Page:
A Note on Next Week?s Options Expirations

We have an options positions that is deep in the money, and I just want to explain to the newbies how to best maximize their profits.

This comprises:

S&P 500 (SPY) August $214-$217 in-the-money vertical bear put spread with a cost of $2.50.

As long as the (SPY) closes at $214.00 or above on Friday, August 21, the position will expire worth $3.00 and you will achieve the maximum possible profit.

This will worth out to a 20% gain, something you have been able to achieve in only 17 trading days. Better than a poke in the eye with a sharp stick, as they say.

In this case, the expiration is very simple. You take your left hand, grab your right wrist, pull it behind your neck and pat yourself on the back for a job well done.

Your broker (are they still called that?) will automatically use the long put to cover the short put, cancelling out the positions. The profit will be credited to your account on the following Monday, and the margin freed up.

Of course, I am watching these positions like a hawk, as always. If an unforeseen geopolitical even causes the (SPY) to take off to the upside once again, such as Janet Yellen announces that there will never be another interest rate hike again.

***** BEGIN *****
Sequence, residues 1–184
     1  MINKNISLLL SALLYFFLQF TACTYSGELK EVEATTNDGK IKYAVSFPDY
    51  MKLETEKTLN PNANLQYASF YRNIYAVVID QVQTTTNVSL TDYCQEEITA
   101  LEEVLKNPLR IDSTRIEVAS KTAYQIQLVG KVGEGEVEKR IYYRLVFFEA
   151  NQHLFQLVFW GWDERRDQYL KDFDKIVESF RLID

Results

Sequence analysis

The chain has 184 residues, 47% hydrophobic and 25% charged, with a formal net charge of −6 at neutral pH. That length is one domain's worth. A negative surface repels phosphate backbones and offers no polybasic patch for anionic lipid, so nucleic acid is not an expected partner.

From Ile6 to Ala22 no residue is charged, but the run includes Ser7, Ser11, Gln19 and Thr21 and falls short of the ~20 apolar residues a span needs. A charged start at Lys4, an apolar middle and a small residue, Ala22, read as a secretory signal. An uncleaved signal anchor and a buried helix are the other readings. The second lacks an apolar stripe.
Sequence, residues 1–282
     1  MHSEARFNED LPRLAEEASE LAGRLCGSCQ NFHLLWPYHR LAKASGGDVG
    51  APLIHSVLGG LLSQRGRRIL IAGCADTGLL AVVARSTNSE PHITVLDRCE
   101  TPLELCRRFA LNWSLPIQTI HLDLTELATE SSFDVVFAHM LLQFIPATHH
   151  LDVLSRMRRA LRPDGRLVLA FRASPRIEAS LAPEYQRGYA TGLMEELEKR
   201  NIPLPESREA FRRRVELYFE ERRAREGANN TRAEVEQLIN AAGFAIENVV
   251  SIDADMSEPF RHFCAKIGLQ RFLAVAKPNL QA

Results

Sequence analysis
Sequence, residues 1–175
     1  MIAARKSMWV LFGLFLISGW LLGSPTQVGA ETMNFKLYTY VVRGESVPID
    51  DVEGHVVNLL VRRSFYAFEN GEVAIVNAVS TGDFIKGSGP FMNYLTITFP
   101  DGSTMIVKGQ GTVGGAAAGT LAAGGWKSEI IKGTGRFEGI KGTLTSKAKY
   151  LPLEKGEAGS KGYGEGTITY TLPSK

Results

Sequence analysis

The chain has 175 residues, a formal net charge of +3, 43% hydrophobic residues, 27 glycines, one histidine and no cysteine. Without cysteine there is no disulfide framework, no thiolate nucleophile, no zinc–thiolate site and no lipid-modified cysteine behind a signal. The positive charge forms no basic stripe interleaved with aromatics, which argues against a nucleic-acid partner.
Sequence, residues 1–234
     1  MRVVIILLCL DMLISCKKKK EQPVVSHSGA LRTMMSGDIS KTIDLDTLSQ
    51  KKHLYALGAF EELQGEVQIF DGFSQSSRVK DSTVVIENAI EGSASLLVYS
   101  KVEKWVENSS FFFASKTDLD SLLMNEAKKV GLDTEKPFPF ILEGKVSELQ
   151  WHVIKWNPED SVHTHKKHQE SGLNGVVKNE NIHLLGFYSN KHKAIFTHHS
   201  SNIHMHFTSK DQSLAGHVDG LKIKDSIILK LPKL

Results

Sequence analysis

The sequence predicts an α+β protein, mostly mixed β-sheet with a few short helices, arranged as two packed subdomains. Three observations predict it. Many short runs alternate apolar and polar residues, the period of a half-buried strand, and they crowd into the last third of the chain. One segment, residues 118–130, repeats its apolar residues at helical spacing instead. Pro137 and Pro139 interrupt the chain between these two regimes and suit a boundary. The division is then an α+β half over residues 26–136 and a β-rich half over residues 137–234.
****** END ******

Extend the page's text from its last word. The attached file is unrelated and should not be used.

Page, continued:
You should get the Trade Alert in seconds.

If the (SPY) expires slightly out-of-the-money, like at $214.10, then the situation may be a little more complicated, and can become a headache.

On the close, your short put position expires worthless, but your long put position is converted into a large, leveraged outright naked short position in the (SPY) with a cost of $217.50.

This position you do not want on pain of death, as the potential risk is huge and unlimited, and your broker probably would not allow it unless you put up a ton of new margin.

This is not what moneymaking is all about.

Professionals caught in this circumstance then buy a number of shares of (SPY) on expiration day equal to the short position they inherit with the expiring $217 put to hedge out their risk.

Then the long (SPY) position is cancelled out by the short (SPY) position, and on Monday both disappear from your statement. However, this can be dicey to execute going into the close.

So for individuals, I would recommend just selling the $214-$217 put spread outright in the market if it looks like this situation may develop and the (SPY) is going to close very close to the $214 strike.

Keep in mind, also, that the liquidity in the options market disappears, and the spreads widen, when a security has only hours, or minutes until expiration. This is known in the trade as the ?expiration risk.?

One way or the other, I?m sure you?ll do OK, as long as I am looking over your shoulder, as I will be.

Well done, and on to the next trade.

SPY 8-11-15

John ThomasWell Done and On to the Next Trade